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How do you solve a problem like OPEC

 

Sadly, No Vienna Conflab   

It’ll all be online next Thursday when OPEC and allies meet to decide how much to pump next year amid a sharp decline in crude prices. OPEC+ wranglings continue behind the scenes ahead of the delayed meeting, now to take place on Nov 30th. It’s all about baselines. Nigeria and Angola can’t meet their current quota but don’t want to accept lower formal quotas for next year. They would like higher supply quotas than the provisional agreement in June, when OPEC dealt with higher agreed output from the UAE by lowering targets for African countries that were not achieving quotas. Nigeria has raised output quite a bit (about 300k bpd) in the last year, so should be in a stronger position to get its way. Angola is a trickier case and there is a small, non-negligible chance it could leave the group, though is far from the base case for this meeting.   

  

Who is Cutting? 

The Saudis and Russia will almost certainly maintain their extra cuts – the Saudis’ unilateral 1m bpd cut extended through the first half of next year maybe to put a floor under expectations. But Saudi’s 1m bpd ‘lollipop’ has not worked as well as it would have hoped so the question is whether it needs to do more. Prices in the low $80s is where they have in the past announced cuts. The problem for OPEC heading into 2024 becomes two-fold: not just rising supply from the likes of Brazil and Guyana, and record output from the US despite everything we hear about the Biden regime; but also the prospect of waning demand. Remember China’s demand this year – despite the headlines – has hit a record 13.2m bpd in October. And next year the prospect of a slowdown in global growth as rate hikes bite is a very real fear. And supply issues only grow – Russian exports and volumes from Iraq are on the rise, too, while Iran has ramped its exports. Critically though we have seen a shift in the supply balance – growth ex-OPEC from Guyana, Brazil and the US has shown OPEC doesn’t have the iron grip on the market it once commanded. Even if Saudi Arabia extends its production cuts in 2024 the oil market will return to surplus, according to the International Energy Agency.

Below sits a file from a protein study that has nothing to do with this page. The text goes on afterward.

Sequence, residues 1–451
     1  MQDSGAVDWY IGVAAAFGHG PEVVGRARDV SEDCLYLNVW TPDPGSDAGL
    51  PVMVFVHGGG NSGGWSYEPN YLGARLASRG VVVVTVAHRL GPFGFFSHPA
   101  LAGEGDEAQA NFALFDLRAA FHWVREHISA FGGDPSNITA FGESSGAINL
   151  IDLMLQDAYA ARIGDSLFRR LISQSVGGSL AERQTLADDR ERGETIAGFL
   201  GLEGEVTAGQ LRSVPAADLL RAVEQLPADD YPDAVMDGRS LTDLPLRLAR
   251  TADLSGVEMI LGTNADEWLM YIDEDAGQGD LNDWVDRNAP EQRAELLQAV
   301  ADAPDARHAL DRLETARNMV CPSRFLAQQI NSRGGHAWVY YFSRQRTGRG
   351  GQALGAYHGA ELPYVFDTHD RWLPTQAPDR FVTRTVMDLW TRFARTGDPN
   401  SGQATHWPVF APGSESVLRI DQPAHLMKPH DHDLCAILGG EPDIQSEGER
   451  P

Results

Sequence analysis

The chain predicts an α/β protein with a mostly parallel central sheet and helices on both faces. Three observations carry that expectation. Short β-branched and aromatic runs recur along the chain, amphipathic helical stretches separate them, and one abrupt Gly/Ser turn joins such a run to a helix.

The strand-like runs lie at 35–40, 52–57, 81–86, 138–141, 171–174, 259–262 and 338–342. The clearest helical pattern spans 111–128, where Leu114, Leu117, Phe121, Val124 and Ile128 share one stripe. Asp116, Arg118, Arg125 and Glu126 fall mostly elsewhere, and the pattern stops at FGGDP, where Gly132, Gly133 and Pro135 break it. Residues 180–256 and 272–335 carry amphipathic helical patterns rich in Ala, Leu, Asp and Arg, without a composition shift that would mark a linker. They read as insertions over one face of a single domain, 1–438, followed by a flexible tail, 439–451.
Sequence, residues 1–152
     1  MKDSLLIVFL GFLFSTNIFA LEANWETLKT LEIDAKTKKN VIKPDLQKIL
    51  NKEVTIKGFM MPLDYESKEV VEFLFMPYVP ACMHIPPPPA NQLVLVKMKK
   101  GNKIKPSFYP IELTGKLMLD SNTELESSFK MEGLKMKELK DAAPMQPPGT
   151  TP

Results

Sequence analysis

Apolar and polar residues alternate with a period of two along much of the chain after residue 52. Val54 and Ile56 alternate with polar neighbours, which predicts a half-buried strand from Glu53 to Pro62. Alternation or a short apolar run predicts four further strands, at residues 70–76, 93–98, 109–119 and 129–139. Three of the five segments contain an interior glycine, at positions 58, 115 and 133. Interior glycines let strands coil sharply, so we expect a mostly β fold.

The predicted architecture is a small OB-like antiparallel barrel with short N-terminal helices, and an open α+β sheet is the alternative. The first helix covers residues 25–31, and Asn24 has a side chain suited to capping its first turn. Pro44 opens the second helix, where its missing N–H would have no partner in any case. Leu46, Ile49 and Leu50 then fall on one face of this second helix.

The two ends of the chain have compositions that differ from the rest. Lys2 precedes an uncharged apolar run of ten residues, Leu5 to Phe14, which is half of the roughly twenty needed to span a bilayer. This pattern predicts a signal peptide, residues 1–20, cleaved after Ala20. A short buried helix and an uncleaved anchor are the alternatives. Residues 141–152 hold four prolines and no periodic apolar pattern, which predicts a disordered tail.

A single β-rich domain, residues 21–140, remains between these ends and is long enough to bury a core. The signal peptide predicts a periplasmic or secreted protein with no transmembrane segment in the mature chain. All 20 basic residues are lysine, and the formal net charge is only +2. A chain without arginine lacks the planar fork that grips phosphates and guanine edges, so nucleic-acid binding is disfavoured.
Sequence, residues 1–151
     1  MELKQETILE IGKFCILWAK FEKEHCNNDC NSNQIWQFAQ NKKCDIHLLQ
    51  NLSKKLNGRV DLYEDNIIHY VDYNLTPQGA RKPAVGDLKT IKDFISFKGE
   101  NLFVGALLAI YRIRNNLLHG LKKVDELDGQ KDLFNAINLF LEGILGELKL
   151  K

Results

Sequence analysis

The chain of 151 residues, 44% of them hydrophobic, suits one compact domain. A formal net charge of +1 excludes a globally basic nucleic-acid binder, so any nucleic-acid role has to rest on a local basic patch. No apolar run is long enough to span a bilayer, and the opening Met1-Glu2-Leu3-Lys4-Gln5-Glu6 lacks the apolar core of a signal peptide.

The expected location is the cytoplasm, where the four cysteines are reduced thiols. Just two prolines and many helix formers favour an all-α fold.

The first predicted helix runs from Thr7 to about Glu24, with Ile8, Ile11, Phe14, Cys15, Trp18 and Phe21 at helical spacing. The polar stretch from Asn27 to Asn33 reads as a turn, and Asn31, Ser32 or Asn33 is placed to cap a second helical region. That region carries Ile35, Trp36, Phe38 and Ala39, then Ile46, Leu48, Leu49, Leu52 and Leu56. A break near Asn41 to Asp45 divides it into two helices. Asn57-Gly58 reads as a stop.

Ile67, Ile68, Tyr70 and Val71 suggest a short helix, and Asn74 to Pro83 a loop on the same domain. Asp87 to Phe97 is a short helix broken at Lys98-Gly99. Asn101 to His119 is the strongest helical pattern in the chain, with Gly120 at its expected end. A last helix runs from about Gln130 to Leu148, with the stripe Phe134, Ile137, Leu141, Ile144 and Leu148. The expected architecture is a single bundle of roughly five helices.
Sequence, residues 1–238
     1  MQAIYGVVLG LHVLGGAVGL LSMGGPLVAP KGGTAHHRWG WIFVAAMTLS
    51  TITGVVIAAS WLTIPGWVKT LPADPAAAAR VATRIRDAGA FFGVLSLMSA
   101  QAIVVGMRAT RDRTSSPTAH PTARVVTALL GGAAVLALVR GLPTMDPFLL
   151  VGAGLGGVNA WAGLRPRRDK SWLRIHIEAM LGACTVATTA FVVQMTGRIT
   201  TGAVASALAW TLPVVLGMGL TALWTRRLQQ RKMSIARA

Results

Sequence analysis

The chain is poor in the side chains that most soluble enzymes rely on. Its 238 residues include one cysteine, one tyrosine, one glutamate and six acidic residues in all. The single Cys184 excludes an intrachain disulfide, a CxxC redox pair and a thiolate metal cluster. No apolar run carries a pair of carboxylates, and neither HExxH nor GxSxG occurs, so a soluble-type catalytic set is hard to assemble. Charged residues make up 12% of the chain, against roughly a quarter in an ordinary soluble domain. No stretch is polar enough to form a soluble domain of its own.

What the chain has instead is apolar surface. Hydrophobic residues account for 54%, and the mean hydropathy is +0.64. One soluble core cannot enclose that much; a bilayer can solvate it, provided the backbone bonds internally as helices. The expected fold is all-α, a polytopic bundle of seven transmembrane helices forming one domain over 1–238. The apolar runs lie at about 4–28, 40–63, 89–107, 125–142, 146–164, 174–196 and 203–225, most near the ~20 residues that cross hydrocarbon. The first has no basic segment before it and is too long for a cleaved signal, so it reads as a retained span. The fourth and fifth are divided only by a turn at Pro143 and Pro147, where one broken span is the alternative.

What’s OPEC Done So Far?

A number of OPEC+ members agreed in April to cuts of 1.66m bpd. This had limited impact so the Saudis added the lollipop – a 1m bpd unilateral cut starting in July through the end of 2023. This came in tandem with Russia saying it would cut exports by 300k bpd from August through the end of 2023. This was in addition to an existing pledge to cut 500k bpd all the way to the end of 2024.  The Saudis are now producing about 9m bpd and could maybe go to 8.5m bpd if they can take other members with them.  There are various permutations for extending or deepening cuts but wrangling over baseline quotas needs to be squared away first. 

  

What to Expect   

So, OPEC is in a tough place and baseline negotiations can take time – in 2021 it took two weeks to break the deadlock. But it’s tougher now and discord leads to volatility in prices, as we have seen in the last couple of days. Options markets went crazy- put options for Brent hit 211k on Wednesday, a record high. Talk of an extra 1m bpd worth of cuts being on the table has done the rounds – less a 1973 embargo and more a signal to Israel and the US about what’s going on in the Middle East; GCC members have shown unusual unity. Prices are down around 15% from the September peak and hit a 4-month low this week as the meeting was postponed, though have recovered some ground since the initial spike lower. There is a low bar for disappointment this time and this meeting may reflect the harsh reality for OPEC and its allies: output (and prices) may be lower for longer. 

  

Elsewhere 

Japan core inflation rose 2.9%, higher than the previous month but this was lower than the 3.0% expected. USDJPY steady in the area a little below 150 for now. Stocks were steady in Europe this morning after the US was shut for Thanksgiving – half day today on Wall Street should keep things pretty quiet. The FTSE 100 lagged though and shed about a third of a percent in early trading to retreat further from the 7,500 handle and trend line, whilst the DAX was flat a little below 16k.  Happy Friday: The Pentagon is moving closer to allowing AI weapons autonomously decide to kill humans, according to The New York Times. I’m sure our capacity for killing each other on an industrial level will only improve. It’s the classic arms race – you can’t let your enemy get the advantage. 

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